In a May 2018 sermon at Ebenezer Baptist, Warnock said, “It’s been a tough week. The administration opened up the U.S. Embassy in Jerusalem. Standing there [were] the president’s family and a few mealy-mouthed evangelical preachers who are responsible for the mess that we found ourselves in, both there and here — misquoting and misinterpreting the Scripture, talking about peace. Meanwhile, young Palestinian sisters and brothers, who are struggling for their very lives, struggling for water and struggling for their human dignity, stood up in a nonviolent protest, saying, ‘If we’re going to die, we’re going to die struggling.’”
Warnock traveled in February to March 2019 to Israel and the Palestinian territories, as part of a delegation of African American clergy under the auspices of the National Council of Churches, along with clergy from the South African Council of Churches.
“We came as representatives of African American communities; as descendants of those who survived slavery, Jim Crow and who work now to dismantle the new Jim Crow of mass incarceration and militarization of police in our communities; and we came as representatives of the South African people who lived through the indignity of over 300 years of dehumanizing dispossession, colonialism, segregation and apartheid,” the delegation said afterward.
Included in that statement were references to “heavy militarization of the West Bank, reminiscent of the military occupation of Namibia by apartheid South Africa and “what appears to be an unstoppable gobbling up of Palestinian lands to almost render the proposed two-state solution unworkable.” The statement also compared Israeli security barriers to the Berlin Wall and criticized “laws of segregation that allow one thing for the Jewish people and another for the Palestinians.”
Rabbi Peter Berg of The Temple told the AJT, “The recent attacks against Reverend Warnock misrepresent his position on Israel and are deceitful. As a close friend and clergy confidant, Reverend Warnock and I have spoken on numerous occasions about his strong support for a two-state solution. It was my honor to travel to the AIPAC Policy Conference with Rev. Warnock this past year. Reverend Warnock has publicly praised the [U.S.-Israel] Memorandum of Understanding, strongly condemned BDS [Boycott, Divestment, Sanctions] and looks forward to advancing cooperation be-tween Georgia and Israel.”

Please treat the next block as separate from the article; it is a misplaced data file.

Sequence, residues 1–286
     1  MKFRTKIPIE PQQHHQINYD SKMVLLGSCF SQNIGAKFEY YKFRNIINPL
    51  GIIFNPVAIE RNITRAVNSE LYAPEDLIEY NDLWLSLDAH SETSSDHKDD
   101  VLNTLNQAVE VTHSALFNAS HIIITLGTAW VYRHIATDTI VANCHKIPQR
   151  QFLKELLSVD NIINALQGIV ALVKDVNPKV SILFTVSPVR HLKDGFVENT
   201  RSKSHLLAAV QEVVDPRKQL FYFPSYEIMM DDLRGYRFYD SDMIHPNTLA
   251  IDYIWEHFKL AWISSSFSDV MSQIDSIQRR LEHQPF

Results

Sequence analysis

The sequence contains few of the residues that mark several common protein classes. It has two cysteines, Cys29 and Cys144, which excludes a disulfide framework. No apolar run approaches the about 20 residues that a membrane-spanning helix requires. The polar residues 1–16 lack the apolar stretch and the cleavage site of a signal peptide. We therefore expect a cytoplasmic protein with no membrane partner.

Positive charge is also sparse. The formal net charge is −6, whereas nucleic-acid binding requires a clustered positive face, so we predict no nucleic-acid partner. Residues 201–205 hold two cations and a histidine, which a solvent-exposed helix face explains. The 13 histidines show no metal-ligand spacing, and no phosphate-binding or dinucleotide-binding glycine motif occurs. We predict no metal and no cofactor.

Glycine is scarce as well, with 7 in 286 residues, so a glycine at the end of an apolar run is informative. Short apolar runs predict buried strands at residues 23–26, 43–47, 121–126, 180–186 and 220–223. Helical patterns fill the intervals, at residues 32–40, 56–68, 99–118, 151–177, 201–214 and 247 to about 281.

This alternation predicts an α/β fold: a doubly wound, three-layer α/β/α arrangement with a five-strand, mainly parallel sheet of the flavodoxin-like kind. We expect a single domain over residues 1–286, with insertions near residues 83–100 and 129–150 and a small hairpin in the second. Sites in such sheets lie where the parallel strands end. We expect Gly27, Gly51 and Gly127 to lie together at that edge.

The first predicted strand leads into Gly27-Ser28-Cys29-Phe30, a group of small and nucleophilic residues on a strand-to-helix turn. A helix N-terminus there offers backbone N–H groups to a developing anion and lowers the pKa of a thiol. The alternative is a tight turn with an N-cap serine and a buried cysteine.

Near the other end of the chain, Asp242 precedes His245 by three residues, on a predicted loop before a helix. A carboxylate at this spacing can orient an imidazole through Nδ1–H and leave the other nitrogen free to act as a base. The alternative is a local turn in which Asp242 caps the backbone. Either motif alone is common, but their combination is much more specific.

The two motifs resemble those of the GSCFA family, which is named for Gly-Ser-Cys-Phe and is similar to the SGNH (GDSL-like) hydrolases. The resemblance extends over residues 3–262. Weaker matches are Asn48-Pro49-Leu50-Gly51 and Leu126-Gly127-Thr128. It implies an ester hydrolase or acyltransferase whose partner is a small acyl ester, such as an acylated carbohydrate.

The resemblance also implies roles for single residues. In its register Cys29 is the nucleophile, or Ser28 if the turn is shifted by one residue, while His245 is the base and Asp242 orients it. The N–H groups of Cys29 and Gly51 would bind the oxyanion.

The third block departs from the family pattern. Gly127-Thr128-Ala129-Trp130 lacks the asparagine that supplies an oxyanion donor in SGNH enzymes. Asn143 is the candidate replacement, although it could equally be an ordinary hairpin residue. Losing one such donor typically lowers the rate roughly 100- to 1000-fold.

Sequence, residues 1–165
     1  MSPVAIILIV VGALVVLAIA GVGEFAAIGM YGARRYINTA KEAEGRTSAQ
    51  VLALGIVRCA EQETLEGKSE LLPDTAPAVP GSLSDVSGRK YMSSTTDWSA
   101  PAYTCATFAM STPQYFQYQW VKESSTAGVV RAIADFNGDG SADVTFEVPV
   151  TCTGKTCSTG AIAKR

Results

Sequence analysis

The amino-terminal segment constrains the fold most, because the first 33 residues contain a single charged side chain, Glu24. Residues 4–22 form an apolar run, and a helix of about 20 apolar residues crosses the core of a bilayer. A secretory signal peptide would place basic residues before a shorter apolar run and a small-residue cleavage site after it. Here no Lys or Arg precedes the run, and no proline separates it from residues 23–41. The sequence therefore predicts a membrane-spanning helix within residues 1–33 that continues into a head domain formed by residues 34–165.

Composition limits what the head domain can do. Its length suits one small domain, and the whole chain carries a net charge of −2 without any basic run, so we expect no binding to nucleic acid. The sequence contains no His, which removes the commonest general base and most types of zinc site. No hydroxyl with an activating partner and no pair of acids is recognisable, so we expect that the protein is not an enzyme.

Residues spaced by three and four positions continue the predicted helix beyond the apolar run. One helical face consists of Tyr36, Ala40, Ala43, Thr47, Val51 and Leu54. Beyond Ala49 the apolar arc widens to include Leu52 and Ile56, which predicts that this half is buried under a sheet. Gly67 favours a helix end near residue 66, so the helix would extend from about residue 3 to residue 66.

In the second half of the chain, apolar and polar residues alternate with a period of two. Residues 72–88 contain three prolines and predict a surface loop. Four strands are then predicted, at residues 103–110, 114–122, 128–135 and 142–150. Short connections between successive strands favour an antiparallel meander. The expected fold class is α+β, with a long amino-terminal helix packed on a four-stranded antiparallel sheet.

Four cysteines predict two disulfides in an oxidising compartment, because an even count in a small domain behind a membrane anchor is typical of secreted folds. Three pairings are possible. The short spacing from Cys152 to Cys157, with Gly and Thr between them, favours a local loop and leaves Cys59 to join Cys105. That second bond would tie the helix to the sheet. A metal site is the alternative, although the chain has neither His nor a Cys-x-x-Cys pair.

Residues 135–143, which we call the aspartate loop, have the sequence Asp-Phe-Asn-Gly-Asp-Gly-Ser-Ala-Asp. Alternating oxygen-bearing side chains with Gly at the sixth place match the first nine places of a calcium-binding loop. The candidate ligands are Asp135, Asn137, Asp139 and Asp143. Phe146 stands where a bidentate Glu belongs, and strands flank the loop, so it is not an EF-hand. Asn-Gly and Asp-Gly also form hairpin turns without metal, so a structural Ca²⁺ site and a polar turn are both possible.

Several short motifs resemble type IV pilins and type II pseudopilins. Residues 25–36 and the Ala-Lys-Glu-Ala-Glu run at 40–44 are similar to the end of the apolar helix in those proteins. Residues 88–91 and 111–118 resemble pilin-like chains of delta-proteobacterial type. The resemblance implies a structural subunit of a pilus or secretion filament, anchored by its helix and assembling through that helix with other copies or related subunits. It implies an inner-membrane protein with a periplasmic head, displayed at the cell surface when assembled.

Berg added, “We are blessed that all four candidates from both parties running for U.S. Senate from the state of Georgia are strongly pro-Israel and will work every day to advance the U.S.-Israel relationship. We cannot allow Israel to become a wedge issue.”
In a statement to the AJT, Chuck Berk, who heads the Atlanta chapter of the Republican Jewish Coalition, said, “The Jewish community should be appalled by the pro-Palestinian, anti-Israel, anti-Semitic comments by Rev. Warnock and have real concern as to whether, if elected, he would be a supporter of Israel and Jewish issues. But if history is any guide, I doubt that will have any impact. Liberal Jews, including many of our Atlanta rabbis will naively ignore these statement, as they did Obama’s Reverend Wright’s statements, the cold shoulder to Israel by Obama-Biden for eight years, throwing Israel under the bus at the U.N., and not condemning the Black Lives Matter ‘protestors’ in Los Angeles who attacked and vandalized synagogues, Jewish businesses and memorials with anti-Semitic, anti-Israel slogans (i.e. F*** Israel). We need Georgia senators who have a history of a strong, unblemished record of support for Israel and Jewish causes, like David Perdue and Kelly Loeffler.”
- Dave Schechter
- Kelly Loeffler
- Raphael Warnock
- Ebenezer Baptist Church
- Jeremiah Wright
- United Church of Christ
- Atlanta Journal Constitution
- Michael Rosenzweig
- Chuck Berk
- U.S. Embassy
- National Council of Churches
- South African Council of Churches